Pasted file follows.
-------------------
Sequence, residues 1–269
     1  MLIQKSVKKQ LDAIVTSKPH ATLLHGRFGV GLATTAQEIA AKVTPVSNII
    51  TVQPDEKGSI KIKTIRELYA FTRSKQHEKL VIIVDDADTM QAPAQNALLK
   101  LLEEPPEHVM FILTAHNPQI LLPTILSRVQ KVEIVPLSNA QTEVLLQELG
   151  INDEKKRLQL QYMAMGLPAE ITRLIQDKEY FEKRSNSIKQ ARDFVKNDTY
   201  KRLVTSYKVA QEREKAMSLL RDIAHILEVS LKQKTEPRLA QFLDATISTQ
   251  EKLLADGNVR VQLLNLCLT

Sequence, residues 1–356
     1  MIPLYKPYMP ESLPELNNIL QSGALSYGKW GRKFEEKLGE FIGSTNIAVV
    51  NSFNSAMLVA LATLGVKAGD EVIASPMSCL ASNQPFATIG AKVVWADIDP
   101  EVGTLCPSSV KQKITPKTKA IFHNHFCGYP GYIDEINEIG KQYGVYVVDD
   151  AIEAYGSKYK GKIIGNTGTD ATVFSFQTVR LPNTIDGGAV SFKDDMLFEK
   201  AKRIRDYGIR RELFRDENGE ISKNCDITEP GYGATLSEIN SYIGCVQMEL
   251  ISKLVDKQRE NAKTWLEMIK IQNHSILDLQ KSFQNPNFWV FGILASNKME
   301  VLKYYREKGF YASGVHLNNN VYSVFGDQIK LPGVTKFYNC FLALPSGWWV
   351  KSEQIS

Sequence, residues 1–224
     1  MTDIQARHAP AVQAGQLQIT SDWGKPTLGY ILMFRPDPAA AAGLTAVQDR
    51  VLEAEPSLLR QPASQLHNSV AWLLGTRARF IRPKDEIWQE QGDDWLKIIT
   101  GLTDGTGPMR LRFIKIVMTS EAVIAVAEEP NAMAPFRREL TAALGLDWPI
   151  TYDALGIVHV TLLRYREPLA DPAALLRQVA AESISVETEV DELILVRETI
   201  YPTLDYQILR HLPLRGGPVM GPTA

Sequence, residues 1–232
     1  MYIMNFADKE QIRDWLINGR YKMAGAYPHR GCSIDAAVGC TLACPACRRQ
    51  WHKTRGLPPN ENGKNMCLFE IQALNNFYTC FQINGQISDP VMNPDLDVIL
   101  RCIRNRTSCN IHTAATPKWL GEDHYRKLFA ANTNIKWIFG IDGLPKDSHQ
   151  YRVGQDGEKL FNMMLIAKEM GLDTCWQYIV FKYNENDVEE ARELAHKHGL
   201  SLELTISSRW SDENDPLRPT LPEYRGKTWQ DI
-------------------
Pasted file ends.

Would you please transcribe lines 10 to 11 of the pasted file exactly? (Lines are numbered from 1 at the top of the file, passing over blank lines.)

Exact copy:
    51  NSFNSAMLVA LATLGVKAGD EVIASPMSCL ASNQPFATIG AKVVWADIDP
   101  EVGTLCPSSV KQKITPKTKA IFHNHFCGYP GYIDEINEIG KQYGVYVVDD